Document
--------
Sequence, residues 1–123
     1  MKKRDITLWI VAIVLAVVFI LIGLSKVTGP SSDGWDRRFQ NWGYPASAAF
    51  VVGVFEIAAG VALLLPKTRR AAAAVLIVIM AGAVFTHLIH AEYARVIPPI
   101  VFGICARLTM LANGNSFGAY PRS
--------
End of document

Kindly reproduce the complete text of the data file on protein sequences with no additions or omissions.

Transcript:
Sequence, residues 1–123
     1  MKKRDITLWI VAIVLAVVFI LIGLSKVTGP SSDGWDRRFQ NWGYPASAAF
    51  VVGVFEIAAG VALLLPKTRR AAAAVLIVIM AGAVFTHLIH AEYARVIPPI
   101  VFGICARLTM LANGNSFGAY PRS